Study Of Art – Greek And Roman Painting

That painting was extensively practiced by the Greeks we know from literary sources, descriptions of pictures and the names of distinguished painters having been handed down by Greek and Roman writers. The work has almost entirely perished, however, except in the form of vase painting of all periods, which was subject to its own conventions and was usually limited in theme by the use to which the vase was to be put.

The excavations of Pompeii, which have been carried on systematically since 1860, have brought to light much of interest in the mural decoration of the first century of our era. Many of the pictures, which it was customary to paint directly upon the wall, were copies of Greek subjects, and, now preserved in the Naples Museum, afford us a remote hint of what the originals may have been; or in the House of the Vettii show us how they were used on the wall. Due allowance must, however, be made for the conventions of the period and for the fact that much of the work was probably that of mere artisans. Pompeii was only a provincial town and at the time of its total destruction in August, 79 A.D., was undergoing a hasty rebuilding after an earthquake of sixteen years before. Interesting, therefore, as its remains are, they represent the taste of a single brief period.


Classic Stories suggested by the pictures. Gayley, Classic Myths.

The Pompeian House. Mau, ch. 32.

Greek Vase Painting. Walters, Greek Art., ch. 7.


No. 1. Chariot Race. Vase decoration. National Museum, Naples.

The use of the quadriga in the decoration suggests an Italic origin. The laurel crowned head is also Roman in type. The vase may have been a trophy cup. A comparison of this with the following true Greek vase shows the far finer workmanship of the latter, and the superiority of its decoration. Consider the appropriateness of a chariot race as a subject for vase decoration.

No. 2. Eos and Kephalos. Greek vase.

Museum of Fine Arts, Boston.

Central medallion from the inside of a Greek kylix, a wide and shallow vase set on a low standard. Probably early fifth century B.C. Figures red on black ground, folds of drapery indicated by finely drawn lines of black.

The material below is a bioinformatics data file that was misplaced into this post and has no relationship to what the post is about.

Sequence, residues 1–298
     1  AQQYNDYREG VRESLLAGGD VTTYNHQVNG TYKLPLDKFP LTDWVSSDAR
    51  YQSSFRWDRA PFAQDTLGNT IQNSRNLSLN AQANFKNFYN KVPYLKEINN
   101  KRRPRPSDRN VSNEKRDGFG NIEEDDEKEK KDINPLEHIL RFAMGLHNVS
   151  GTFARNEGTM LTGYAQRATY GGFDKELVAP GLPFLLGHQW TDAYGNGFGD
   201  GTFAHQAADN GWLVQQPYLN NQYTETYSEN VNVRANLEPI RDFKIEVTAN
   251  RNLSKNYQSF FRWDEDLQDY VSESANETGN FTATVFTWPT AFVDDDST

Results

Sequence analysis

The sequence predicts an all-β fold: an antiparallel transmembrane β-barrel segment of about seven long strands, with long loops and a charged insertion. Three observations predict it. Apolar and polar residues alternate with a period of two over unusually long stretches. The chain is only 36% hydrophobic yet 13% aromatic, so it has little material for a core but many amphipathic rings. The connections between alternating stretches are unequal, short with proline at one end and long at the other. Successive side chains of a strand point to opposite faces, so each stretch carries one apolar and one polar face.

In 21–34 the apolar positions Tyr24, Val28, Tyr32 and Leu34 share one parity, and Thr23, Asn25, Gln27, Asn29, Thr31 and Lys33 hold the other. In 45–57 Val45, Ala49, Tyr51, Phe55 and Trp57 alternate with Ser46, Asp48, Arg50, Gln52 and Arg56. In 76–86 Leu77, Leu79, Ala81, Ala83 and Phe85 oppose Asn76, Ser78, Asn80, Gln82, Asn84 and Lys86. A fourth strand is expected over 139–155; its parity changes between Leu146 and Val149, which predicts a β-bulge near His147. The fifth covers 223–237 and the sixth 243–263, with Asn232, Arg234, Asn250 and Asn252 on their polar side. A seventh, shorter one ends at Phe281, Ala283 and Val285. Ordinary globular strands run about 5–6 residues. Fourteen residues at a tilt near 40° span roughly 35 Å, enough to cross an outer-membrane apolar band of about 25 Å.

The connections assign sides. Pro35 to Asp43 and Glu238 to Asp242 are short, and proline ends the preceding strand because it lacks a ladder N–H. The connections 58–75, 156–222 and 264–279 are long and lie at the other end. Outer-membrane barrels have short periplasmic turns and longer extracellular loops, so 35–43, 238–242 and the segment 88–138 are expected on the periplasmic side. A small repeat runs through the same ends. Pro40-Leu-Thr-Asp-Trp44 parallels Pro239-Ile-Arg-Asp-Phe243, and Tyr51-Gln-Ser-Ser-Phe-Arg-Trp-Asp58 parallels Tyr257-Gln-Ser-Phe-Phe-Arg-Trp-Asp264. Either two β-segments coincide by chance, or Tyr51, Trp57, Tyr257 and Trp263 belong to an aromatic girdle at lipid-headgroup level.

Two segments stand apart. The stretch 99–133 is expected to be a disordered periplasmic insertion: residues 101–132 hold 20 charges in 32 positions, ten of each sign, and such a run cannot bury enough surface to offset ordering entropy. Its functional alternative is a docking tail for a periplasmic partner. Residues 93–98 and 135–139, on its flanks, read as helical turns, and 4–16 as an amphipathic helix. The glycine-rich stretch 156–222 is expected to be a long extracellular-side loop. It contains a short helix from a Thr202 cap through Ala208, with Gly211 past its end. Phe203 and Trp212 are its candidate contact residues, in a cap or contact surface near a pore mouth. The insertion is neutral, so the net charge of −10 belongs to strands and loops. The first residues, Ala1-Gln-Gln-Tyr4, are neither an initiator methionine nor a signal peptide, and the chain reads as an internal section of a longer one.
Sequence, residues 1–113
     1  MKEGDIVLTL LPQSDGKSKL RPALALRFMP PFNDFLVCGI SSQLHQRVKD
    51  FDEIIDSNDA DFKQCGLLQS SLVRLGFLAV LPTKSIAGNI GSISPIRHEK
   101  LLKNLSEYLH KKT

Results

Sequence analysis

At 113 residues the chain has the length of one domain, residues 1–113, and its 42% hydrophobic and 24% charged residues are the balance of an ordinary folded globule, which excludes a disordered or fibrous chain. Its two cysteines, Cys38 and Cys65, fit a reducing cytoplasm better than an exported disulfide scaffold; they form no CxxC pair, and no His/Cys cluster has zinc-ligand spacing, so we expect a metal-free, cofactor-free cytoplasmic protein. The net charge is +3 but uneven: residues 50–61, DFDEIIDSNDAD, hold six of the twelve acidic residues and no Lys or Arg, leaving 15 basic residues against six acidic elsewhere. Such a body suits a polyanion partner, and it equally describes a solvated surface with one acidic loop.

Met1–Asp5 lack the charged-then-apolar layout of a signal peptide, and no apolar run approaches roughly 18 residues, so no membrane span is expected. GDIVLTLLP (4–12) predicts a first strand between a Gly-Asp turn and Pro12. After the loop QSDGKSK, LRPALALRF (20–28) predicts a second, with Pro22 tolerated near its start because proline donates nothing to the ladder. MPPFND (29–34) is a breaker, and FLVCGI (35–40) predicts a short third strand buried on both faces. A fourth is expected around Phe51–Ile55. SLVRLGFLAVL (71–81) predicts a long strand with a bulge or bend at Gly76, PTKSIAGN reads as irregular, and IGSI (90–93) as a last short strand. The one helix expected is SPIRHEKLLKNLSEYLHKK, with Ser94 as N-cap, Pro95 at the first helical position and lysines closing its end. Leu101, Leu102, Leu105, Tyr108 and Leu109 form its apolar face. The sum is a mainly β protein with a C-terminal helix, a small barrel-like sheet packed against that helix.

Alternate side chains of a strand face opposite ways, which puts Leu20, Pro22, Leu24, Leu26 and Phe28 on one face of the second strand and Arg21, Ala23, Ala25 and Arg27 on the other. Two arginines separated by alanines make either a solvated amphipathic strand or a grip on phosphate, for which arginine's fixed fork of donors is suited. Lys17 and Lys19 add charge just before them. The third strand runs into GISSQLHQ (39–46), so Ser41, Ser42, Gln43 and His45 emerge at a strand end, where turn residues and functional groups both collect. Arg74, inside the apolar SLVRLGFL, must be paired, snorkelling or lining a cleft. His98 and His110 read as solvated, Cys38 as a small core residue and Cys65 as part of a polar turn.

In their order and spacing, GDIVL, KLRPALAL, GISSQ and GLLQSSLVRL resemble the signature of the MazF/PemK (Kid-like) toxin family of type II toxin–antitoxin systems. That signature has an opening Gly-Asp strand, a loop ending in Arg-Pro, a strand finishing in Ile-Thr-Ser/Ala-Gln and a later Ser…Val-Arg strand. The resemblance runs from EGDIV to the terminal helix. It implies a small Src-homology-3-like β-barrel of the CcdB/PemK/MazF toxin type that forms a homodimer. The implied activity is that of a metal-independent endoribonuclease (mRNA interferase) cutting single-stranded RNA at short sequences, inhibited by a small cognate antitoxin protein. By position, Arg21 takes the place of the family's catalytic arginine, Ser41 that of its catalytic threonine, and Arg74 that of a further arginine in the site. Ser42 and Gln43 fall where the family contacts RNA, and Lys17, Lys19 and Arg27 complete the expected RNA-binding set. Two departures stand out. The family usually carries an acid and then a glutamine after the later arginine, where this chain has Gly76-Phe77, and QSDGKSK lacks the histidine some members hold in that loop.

Eos, the Dawn, is about to carry Kephalos to Heaven. On the outside of the kylix a circular row of figures turn from the altars, where sacrifice is being offered, to gaze toward the receding figure of their companion with gestures of surprise.

Notice the extreme delicacy of the line drawing, the endeavor to adapt the composition to the circular space. Notice that the attention does not rest on any one point but plays over the design, following the lines of the drapery, though returning each time to the heads. Note also the beauty of the Greek fret, evidently free-hand work. The drawing of the eye, of hands and feet, and the proportions of the limbs are interesting points of study as determining the date of the work.

No. 3. Maidens playing Jackstones.

National Museum, Naples.

Painting on marble found in Herculaneum. One of the very limited number of paintings known to have been executed by a Greek. An inscription gives Alexander of Athens as the artist. Over two of the standing figures are the names Latona and Niobe. Despite the slight nature of the theme and some awkwardness of proportion this little tablet is of chief importance as suggesting the charm of Greek painting. Compare the draperies with those of the figures from the Nike balustrade, A 170, 171.

No. 4. The Sacrifice of Iphigenia. National Museum, Naples.

Wall painting from the House of the Tragic Poet, in Pompeii. A poor copy of a famous Greek ,original. The Greeks, detained at Aulis, on their excursion against Troy, by unfavorable winds, are led by an oracle to sacrifice Agamemnon’s daughter, but at the last moment she is carried away by Diana to be her priestess in Tauris, a stag being substituted by the goddess for the sacrifice.

Diana appears twice in the sky with her emblems.